Every country should have the right to pay homage to the people who sacrificed their lives for their country. Probably in your mind all the Japanese soldiers are crazy, evil rapists/murderers, but they were not. They were actually loved in many areas of South-East Asia.
We both lost our families to the war. It's the war itself to blame, not the already dead soldiers. Why can't we just leave it at that?

Thirdly, don't go assuming that we are ignorant of our own past without actually reading any of our textbooks. I, for one, learned pretty much about Nanking massacre and all the atrocites the Japanese army did during WWII in history classes and felt really awful and ashamed about it. And I always have respected China for its history and culture, but I am not so sure anymore.

You said "Even if we marched in peace they would not respect us. We are not here to gain "respect" from people who do not have any for us. I think we should shame them even more or put them under pressure from the international community. I truly believe no one should ever bow or try and gain respect from people who don't have any for you in the first place."
So you can go on vandlizing like this because we don't respect you? Don't these pictures "scare" you?

Hatred breeds itself. We both have to breathe deep and calm down here.
Please do not justify violence in any way if you want to run a blog about freedom of speech.

BTW, Japanese kids have made an interesting Flash animation in an attempt to communicate with the Chinese people and clarify the Japanese standpoint;
The English is bad and so is the music, but hey.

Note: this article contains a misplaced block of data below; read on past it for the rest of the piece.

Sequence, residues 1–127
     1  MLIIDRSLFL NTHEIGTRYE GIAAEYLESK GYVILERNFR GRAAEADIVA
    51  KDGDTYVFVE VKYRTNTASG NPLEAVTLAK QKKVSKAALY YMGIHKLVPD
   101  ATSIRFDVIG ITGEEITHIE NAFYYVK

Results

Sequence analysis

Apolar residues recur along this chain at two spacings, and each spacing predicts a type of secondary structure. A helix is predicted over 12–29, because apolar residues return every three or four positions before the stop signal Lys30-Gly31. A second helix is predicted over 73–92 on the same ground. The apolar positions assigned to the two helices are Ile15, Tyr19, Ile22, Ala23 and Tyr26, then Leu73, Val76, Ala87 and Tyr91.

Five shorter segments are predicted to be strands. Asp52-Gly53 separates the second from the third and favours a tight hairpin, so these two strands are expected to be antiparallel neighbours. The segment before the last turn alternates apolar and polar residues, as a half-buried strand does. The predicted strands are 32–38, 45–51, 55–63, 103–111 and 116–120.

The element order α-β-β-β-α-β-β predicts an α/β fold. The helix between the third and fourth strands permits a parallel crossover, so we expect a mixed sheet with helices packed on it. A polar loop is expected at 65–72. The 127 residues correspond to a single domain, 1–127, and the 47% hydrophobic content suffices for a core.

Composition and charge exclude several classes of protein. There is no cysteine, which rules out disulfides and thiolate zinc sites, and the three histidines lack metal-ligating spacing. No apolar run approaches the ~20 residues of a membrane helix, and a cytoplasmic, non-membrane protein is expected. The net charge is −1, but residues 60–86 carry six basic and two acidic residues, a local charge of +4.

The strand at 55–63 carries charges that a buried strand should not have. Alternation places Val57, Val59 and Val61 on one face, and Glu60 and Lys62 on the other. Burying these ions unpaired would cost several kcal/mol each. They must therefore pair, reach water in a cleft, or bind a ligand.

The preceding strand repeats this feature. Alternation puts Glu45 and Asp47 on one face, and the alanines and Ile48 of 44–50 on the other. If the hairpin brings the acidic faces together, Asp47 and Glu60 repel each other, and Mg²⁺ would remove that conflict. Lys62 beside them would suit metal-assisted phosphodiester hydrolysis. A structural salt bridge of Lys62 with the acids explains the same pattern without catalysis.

They are in the process of translating it into Chinese.
Ironically, the vast majority of the Chinese people have no access to the net, and the ones who have it won't be able to see this neither, due to their heavily censored version of the internet.

(Doesn't TypePad have the option to hide the posters' e-mail addresses from the generated HTML? If they do, why don't you use them? Don't feed the spammers!)



Sorry I don't quite have time to read your whole post and answer at this time.

I only got the part where you asked "don't these pictures scare you?"

Let me give you a link


Don't these pictures scare you?

Sorry. But let's get some perspective here.


And I am going to say something here that is not PC. Is not what people who have read this blog for a long time would expect to hear from me.

In the last two days, listenning to the "Japanese" side and all their explainations on flickr and on this blog has only increased my personal anti-Japanese sentiments against the Japanese people.

Until now. I only had it for the government and their refusal to apologise.

Hate doesn't feed hate. Ignorance and refusal to admit responsibility. Excuses and a lot of patriotic bullshit feeds hate. It feeds mine anyway.

As I said over and over again. I have never heard a German person defend the Nazi regime the way the Japanese defend theirs.

I am getting to the point that I feel like I might want to throw a brick at something too because as far as I can see, "they" just don't get it.



And of sorry, as a Chinese woman this is MY Point of View.


"Every country should have the right to pay homage to the people who sacrificed their lives for their country. Probably in your mind all the Japanese soldiers are crazy, evil rapists/murderers, but they were not. They were actually loved in many areas of South-East Asia."